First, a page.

This time, ten years ago, I was in Philadelphia, Pennsylvania, reading “The Long Winter” by Laura Ingalls. I was living alone and going through my own long winter. The isolation had gone from charming to lonely to sad and sometimes even scary. As my friend Kari and I say, there is Little House winter, and there are Doen winters. And I was definitely made for the latter.
Despite growing up with winters and having lived ski resorts in the Canadian Rockies and New Zealand Mountains, I was having a hard time as a single adult, without community, and with more demands like work and less outdoor activities. I wasn’t dealing well with being snowed in constantly and feared my icey drives to work. And as someone who doesn’t wear pants, you can imagine the challenges of staying warm!
But leaving Philadelphia would be hard because I had gotten into a rhythm of simplicity. I loved my home, I loved baking at home. I was spending my weekends driving the countryside, taking so many photos. My life was quiet, my work was really satisfying and my cost of living was great. I was content. But I was also lonely and freezing in a winter that never seemed to end. So I had to get intentional and honest with what I wanted. And that was that despite loving so many things (my home, my work, my general lifestyle, who I was and how I lived), I knew I needed to live somewhere warmer and more accessible. Winters, I realized, were not for me.
A few months later, a job opportunity in Santa Barbara, Calfornia, came up. The offer arrived the same day the third blizzard had. I didn’t hesitate to accept it.
In Santa Barbara, I had a charming little cottage that I really made a home in. I got pretty good at cooking (simple) meals. I biked into town every weekend, I discovered Yoga and went 5 days a week. I found my dog, Scout. I fell in-love. I created a community of incredible friends and colleagues, so many of whom have become my ride or die. It ended up being the place I had lived the longest – 2.5 years. When I look back at this time, I realize it’s when I felt the most me; the most successful, happiest and healthy. I had everything I wanted; affordable living, a beautiful little home, a community, a full, simple life. When I moved here, it was intentional and I had built on all that was working for me before.
But the thing about paradise is there aren’t always opportunities for work, and after doing the same thing for a while I was hungry to do more. This was driven by my new partner who was younger, less accomplished and travelled, and wanted to get a resume that matched mine. So he pushed the idea that work was the only thing that was going to matter for a while and little did I realize how true that’d become. Although work was really important to me, it wasn’t how I defined myself and I wasn’t ambitious in terms of career growth but more by enjoying the work that I did and rocking it.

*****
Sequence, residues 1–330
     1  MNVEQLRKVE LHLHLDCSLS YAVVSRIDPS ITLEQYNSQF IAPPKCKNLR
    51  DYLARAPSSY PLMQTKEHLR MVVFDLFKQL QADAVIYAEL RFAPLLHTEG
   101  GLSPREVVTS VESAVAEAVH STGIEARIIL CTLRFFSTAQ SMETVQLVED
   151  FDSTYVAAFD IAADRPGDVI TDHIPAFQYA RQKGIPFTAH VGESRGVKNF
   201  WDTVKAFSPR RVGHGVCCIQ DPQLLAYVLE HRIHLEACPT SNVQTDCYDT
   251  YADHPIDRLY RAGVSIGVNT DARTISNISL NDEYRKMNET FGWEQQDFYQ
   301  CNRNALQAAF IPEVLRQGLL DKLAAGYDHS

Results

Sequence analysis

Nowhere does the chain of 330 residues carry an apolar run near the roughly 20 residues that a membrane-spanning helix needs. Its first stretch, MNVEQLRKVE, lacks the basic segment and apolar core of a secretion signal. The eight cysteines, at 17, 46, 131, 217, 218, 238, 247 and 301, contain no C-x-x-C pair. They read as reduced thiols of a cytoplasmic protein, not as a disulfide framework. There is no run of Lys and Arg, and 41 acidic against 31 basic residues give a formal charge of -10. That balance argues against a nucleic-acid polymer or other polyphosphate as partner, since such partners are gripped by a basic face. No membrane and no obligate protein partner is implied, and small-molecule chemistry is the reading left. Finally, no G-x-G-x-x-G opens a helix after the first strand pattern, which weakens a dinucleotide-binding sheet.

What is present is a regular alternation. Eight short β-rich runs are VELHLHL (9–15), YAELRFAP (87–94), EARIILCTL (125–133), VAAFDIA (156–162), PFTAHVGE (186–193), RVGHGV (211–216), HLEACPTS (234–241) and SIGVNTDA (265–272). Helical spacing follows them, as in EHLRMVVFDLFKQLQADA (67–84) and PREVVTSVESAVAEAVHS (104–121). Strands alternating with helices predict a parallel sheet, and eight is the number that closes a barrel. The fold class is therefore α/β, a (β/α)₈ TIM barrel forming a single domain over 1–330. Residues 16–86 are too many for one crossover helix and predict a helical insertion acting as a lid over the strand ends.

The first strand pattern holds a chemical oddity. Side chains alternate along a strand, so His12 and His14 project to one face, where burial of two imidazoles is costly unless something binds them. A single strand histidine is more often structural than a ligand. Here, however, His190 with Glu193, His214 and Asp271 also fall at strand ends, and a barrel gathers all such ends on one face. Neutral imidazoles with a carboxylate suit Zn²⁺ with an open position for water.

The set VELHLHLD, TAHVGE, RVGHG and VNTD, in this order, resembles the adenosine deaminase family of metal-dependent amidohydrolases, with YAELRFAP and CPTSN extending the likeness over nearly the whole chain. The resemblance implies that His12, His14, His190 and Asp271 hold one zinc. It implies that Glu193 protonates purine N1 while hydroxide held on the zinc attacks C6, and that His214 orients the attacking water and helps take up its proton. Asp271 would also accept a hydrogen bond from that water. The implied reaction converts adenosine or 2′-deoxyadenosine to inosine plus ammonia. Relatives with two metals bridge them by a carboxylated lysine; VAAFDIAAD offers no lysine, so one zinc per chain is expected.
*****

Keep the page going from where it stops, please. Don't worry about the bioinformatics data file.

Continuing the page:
Looking back, I can see that moving out of Santa Barbara was the start of my separation from myself and the beginning of my burnout from which it took me of what felt like a decade of winter to recover from.
I became so busy with very demanding, stressful jobs that were LinkedIn gold but required so much travel or moving or putting up with too many #MeToo moments because that was the status quo. I ended up saying more often than I’d like to admit that I had more money than time, so I began to buy everything; every meal out, people to look after my home or put things together, to walk my dog and gifts sent by mail instead of showing up and celebrating someone in person.
My life went from simple and being present to complex, expensive and a constant panic about the future. The pressure I felt from my partner and the kinds of jobs I had/the companies I was with was often unbearable. I felt more like I was in a neverending performance that had to show ‘more’ and less like I was living a life. I was moving towards a future I didn’t recognize or want. I lost my magic. I became sick and instead of taking time to heal – even after I had a really bad accident that left me immobile and almost losing my foot – I kept going. And going. I became isolated not from winter, but from my lifestyle, which seemed harsher.
I was in a self-fulfilling rat race and I had no idea how to get out of it.
About two years ago, I was sitting in my Topanga Canyon home. A home I loved more than anything, that felt like I had “made it,”that I had bought custom furniture for (and felt so fancy) and that came to define me – it was even featured in a book. But at the same time, I was not living the life I wanted or this house was designed for. A lot of the reasons why I took on the home – gardening, raising chickens, baking, evenings by the fire, reading in a reading nook – never came to pass. I was so burned out from work, I was really sick from years of neglect and then an accident I refused to really take time to heal from. And aside from friends coming to stay with me from time to time, I was lonely in the home because, despite having a partner, we lived pretty separately. The hygge house had lost its hygge and I was living a life of ‘shoulds‘ instead of the one I wanted. That whole cliche.
Also, I knew my partnership was over. We had different visions of how to live, how to care and how to be. We’d struggled with this realization for a long time but the fear of not addressing it had become stronger than the fear of not taking action.
Finally, one morning, I got a little brave. I knew something had to change and so I took the first step. I went to my partner and said we needed to move on. There was no disagreement on his part. There was no drama. But there was a lot of pain and sadness because I finally had to acknowledge who I really was, how I was really living, and the reality of all that entailed.